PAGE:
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April 5, 1941


Author Affiliations

Superintendent and Medical Director and Chief Resident Physician, Respectively, of the Philadelphia Hospital for Contagious Diseases PHILADELPHIA

JAMA. 1941;116(14):1506-1508. doi:10.1001/jama.1941.02820140018005

Although the incidence and fatality of human anthrax has decreased in this country during the past ten years, it still remains one of the chief problems of certain industries. Dr. H. F. Smyth, prominent authority on this subject, expressed the belief that the reduced incidence of anthrax is apparent rather than real, since the last ten years have been years of depression, and consequently there has been a reduced number of employees in the industries which usually account for the cases of human anthrax. Then, too, the information obtained from many states is still incomplete and inadequate. Indeed, the records of one of the states do not distinguish between animal and human anthrax.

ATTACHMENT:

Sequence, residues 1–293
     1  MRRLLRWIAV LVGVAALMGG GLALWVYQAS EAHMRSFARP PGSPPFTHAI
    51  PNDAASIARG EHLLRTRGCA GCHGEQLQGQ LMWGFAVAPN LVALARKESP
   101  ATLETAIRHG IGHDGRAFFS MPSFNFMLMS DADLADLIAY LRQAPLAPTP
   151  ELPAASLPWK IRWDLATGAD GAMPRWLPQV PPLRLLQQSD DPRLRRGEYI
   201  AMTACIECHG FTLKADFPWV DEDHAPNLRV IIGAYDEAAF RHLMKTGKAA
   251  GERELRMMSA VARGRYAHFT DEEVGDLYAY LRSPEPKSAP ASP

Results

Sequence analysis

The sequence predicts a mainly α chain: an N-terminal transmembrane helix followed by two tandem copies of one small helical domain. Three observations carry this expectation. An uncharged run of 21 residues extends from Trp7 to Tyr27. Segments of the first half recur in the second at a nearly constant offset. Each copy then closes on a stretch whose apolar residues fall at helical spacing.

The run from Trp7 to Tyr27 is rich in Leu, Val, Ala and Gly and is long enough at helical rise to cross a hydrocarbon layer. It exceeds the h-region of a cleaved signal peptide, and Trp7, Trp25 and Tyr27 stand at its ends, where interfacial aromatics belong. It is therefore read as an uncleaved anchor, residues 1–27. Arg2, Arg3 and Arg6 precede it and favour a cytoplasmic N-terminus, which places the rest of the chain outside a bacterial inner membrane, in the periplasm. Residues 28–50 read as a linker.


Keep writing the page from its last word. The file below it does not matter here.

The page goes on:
The fatality rate for this disease is still high, being more than 16 per cent for the five year period 1934-1938, although this was 6 per cent less than the rate in the preceding five year period.

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